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Old 08-15-2011, 10:57 AM
 
Location: Virginia (soon Ellsworth)
653 posts, read 1,709,729 times
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i am very comfortable when be alone, strangely enough i fell very lonely in the social function with a lot of people.
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Old 08-15-2011, 03:19 PM
 
13,773 posts, read 33,909,853 times
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Quote:
Originally Posted by Happy in Wyoming View Post
My wife died six years ago after forty-two years of marriage. I have no children or siblings. My animals are my social network. When I'm not home with them I miss them. They're my only concern after my death.
I feel the same way and I have children and siblings. I lived away from my siblings all my grownup life and my children have their own lives. My pets are my family now. I have some friends in my new town but it my animals who care if I come home..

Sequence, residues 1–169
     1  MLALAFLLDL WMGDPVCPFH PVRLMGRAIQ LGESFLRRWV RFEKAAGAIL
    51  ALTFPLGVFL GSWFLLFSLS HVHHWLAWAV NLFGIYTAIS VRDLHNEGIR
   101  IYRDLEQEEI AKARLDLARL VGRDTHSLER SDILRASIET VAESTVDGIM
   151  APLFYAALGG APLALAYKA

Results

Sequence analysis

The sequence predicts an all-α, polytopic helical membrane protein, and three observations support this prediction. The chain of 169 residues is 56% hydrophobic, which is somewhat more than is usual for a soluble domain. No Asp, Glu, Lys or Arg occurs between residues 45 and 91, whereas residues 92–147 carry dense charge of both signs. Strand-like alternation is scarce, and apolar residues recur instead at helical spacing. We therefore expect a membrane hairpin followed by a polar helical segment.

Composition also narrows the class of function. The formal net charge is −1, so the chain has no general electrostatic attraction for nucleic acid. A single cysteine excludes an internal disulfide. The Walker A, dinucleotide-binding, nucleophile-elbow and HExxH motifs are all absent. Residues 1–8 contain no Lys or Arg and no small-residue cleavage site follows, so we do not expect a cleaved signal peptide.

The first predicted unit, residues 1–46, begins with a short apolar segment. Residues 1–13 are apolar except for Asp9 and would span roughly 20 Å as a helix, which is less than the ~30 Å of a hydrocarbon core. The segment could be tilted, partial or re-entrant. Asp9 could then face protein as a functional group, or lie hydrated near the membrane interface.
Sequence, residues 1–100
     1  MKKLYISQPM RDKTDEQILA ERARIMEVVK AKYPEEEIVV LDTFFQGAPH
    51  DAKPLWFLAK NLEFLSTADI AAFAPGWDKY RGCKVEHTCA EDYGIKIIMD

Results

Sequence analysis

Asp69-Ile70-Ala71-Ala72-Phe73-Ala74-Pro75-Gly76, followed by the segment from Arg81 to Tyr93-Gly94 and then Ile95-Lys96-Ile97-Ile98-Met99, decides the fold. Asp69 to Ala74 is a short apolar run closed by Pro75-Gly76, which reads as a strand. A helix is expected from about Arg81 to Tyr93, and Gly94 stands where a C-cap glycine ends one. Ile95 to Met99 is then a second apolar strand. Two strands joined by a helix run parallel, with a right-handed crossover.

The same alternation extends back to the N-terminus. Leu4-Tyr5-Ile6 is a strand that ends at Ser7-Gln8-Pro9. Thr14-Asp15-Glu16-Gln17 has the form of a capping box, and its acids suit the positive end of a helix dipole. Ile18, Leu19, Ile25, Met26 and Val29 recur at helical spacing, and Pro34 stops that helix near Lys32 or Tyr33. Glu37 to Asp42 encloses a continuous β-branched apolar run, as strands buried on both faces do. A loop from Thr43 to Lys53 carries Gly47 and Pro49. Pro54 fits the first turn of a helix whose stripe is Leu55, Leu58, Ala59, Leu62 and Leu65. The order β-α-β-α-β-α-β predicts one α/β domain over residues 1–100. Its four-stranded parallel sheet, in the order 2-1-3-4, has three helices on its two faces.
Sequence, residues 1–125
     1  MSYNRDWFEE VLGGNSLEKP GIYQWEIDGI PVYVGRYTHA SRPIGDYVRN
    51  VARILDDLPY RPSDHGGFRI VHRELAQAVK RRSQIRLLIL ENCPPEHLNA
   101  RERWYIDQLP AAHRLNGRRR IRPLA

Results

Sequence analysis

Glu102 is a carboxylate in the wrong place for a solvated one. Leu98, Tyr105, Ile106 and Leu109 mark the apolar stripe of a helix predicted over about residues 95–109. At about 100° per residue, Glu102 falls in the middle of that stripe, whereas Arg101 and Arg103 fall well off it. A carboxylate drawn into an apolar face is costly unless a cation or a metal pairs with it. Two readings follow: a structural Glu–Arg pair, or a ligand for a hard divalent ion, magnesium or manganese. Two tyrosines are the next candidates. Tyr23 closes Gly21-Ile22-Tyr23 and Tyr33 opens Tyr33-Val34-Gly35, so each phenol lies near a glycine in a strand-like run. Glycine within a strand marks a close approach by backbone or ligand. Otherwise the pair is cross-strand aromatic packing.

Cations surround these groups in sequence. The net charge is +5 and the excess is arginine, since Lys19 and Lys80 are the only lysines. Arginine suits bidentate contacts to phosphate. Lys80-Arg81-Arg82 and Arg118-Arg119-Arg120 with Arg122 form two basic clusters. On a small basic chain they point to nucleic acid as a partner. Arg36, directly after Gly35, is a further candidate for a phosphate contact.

I volunteer to help place animals from our shelter and other rescues. Just this week I had a call about 2 schnauzers who were orphaned when their owner passed away. His one wish was that they would find a home together. 'Wish granted'.
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Old 08-15-2011, 03:38 PM
 
Location: SoCal
6,068 posts, read 9,529,219 times
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My mum has six children, but none of us live nearby to her.

After my stepdad died, she decided she didn't want the hassle of keeping up even her condo. So she found for herself a place that offers all levels of care, starting with independent living. She's there now, in her own apartment. They provide a big meal each day, and she's on her own for the rest of what she eats. When/if she needs increased care, the agreement is they will provide everything she needs, as she needs it. So while she's delighted when we visit, she doesn't actually need us to care for her.

If I outlive my husband, I'll probably do the same thing since my (step)daughter lives in another country and my sibs live in other states.
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Old 08-15-2011, 05:47 PM
 
701 posts, read 1,531,647 times
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Quote:
Originally Posted by oddstray View Post
My mum ... found for herself a place that offers all levels of care, starting with independent living. She's there now, in her own apartment.